The Sept. 17 issue of C&EN highlights some very accomplished women in chemistry (pages 13 and 26), while Rudy Baum's insightful editorial talks about the special challenges of women in academia (page 3). As part of an ACS PROGRESS project funded by the National Science Foundation's ADVANCE program, group members have visited chemistry departments at 35 highly ranked Ph.D.-granting universities, where we interviewed administrators, faculty, postdocs, and graduate students.
All too often, especially in departments with just a few women faculty members, we have found that talented women faculty members feel isolated, undervalued, and marginalized. But in other departments, thanks to conscious efforts on the part of administrations and department leaders, women thrive and succeed. In these departments, we find that men and women report better advising, better support, and a better climate for success overall.
Those departments that fail their women fail themselves and the discipline of chemistry. Reports of our findings are being prepared for publication.
New York City
I always enjoy reading Baum's editorials, but as a woman biochemist, it was with great interest that I read his column entitled "Women Chemists." It was such an affirmation to see in print the conclusions that I have reached during my own career deliberations! There is much discussion in the pages of C&EN about the mysterious drop in percentages of women on faculty and in top industry positions; this drop does not seem so mysterious to me.
In my case, the perceived demands of the "academic lifestyle" were the determining factor in my decision to not avidly pursue an academic career. If both spouses in the family were trying to juggle grant deadlines, conference travel, scientific visitors, and all the other myriad faculty responsibilities, I simply couldn't imagine how we could have the sort of home life we desired for ourselves and children.
I am grateful to live in an era when I do have choices regarding career and family. I am also aware that many women are quite successful at nurturing both their young careers and their young children; some women do "have it all." But I also know there are many well-qualified and well-educated women chemists who make the difficult decision to step off the academic path because they seek a balance between career and family.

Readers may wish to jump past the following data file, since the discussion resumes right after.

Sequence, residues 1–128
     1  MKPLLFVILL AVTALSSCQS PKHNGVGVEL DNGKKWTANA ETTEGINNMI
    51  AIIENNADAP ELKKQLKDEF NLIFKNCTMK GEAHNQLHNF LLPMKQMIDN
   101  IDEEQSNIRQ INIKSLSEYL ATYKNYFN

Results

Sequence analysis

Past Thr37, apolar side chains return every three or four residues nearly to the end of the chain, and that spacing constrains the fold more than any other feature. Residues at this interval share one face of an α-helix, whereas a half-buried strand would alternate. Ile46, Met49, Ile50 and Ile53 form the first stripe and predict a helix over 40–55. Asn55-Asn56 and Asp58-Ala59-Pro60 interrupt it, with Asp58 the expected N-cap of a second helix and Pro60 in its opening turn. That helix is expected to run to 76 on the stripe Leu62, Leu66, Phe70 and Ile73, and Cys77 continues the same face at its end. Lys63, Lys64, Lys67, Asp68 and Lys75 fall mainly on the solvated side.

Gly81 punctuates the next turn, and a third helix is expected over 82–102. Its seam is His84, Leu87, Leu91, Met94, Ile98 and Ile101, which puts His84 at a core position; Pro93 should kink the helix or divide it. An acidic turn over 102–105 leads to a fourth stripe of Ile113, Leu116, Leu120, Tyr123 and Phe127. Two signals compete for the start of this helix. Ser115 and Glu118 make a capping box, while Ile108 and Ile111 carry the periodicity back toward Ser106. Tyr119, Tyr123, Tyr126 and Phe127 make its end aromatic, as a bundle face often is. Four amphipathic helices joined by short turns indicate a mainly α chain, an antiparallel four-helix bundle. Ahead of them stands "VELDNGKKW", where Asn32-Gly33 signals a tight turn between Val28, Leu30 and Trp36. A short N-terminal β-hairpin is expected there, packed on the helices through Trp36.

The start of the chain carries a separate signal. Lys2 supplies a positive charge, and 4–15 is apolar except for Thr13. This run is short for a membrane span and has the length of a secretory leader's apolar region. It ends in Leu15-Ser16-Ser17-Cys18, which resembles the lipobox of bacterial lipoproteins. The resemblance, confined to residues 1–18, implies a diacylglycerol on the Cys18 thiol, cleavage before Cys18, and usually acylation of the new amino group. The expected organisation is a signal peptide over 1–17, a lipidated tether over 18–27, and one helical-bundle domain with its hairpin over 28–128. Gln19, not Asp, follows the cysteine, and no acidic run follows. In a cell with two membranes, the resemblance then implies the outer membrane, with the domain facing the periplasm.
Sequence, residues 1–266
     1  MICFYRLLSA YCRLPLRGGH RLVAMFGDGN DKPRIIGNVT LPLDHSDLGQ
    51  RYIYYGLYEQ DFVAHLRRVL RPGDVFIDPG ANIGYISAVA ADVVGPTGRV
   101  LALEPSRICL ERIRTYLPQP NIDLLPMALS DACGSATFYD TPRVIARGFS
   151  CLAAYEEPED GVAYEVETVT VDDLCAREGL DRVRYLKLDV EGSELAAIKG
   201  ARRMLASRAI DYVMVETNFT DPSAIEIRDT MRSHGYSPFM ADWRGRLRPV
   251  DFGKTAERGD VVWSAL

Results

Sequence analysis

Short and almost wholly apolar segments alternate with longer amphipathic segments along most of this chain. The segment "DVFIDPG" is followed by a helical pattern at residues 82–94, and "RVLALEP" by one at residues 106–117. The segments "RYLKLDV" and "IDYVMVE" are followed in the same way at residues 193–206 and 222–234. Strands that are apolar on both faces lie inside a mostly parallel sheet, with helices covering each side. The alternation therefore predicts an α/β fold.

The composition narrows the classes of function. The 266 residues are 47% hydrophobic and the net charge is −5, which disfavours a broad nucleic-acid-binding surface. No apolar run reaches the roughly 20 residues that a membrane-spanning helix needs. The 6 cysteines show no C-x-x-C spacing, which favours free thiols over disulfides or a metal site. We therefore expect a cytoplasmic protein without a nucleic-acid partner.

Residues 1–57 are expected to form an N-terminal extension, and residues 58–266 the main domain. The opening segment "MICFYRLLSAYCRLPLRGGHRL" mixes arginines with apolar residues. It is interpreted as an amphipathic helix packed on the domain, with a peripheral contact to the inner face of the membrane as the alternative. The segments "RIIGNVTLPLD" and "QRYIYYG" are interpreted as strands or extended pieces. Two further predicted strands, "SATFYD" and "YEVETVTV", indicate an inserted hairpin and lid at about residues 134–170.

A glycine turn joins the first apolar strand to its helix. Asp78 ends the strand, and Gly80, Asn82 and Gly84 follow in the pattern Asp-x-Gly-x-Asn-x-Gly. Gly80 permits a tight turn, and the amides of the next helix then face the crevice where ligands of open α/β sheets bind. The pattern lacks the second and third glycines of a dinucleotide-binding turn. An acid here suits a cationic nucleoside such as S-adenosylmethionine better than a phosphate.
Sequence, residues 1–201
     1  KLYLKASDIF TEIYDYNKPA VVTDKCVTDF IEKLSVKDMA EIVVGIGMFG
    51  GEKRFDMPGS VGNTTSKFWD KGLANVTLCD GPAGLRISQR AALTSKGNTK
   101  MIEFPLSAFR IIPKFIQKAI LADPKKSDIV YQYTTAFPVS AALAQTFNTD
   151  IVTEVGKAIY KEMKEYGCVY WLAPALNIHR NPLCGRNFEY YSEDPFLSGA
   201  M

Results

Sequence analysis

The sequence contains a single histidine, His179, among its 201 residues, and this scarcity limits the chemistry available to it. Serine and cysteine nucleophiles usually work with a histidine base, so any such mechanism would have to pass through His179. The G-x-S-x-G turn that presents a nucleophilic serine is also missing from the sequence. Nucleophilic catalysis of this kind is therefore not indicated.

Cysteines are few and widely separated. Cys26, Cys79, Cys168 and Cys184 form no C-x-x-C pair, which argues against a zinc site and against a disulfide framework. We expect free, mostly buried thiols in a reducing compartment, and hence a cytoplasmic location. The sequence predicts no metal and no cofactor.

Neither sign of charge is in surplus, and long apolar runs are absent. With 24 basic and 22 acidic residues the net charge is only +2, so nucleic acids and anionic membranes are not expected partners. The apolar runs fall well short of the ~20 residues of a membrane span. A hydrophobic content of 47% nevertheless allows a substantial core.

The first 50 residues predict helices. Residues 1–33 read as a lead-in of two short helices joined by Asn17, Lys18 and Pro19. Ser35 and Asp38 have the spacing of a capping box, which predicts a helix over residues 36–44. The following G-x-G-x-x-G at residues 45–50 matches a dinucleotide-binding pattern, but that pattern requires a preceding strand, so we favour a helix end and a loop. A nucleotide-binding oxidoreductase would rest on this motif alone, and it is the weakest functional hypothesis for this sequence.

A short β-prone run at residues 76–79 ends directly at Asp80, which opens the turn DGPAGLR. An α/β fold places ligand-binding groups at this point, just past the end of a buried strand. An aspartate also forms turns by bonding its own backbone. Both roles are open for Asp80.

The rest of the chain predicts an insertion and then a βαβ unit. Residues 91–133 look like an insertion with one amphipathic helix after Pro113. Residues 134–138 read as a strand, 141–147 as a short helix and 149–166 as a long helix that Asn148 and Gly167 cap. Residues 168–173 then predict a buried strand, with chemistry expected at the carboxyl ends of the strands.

Must the choice to step out of academia for a period of time be an all-or-nothing decision? Maybe discussions such as those found in C&EN can lead to greater acceptance of women back into the academic scientific community after a hiatus to raise young children. Family-friendly policies like on-site daycare and pausing the tenure clock may eventually help plug the so-called leaky pipeline.
Another option that I have pursued is the idea of working part-time to stay in touch with the research community. In my experience, this idea puzzles those immersed in the 24/7 research climate, but I think it might be part of the solution to retaining women chemists in academia. Perhaps in time there will be less stigma associated with such alternative career moves. The chemistry community stands to gain much if it can more effectively support both women and men during their child-rearing days. It is a cruel irony that pivotal times in our careers often coincide with pivotal times in our children's development.
Thanks for keeping this topic in the public forum. Although the consequences of the choices women chemists make are not easy to tease out, I believe they are significant for the chemistry community and our society in general.
Leslie E. W. LaConte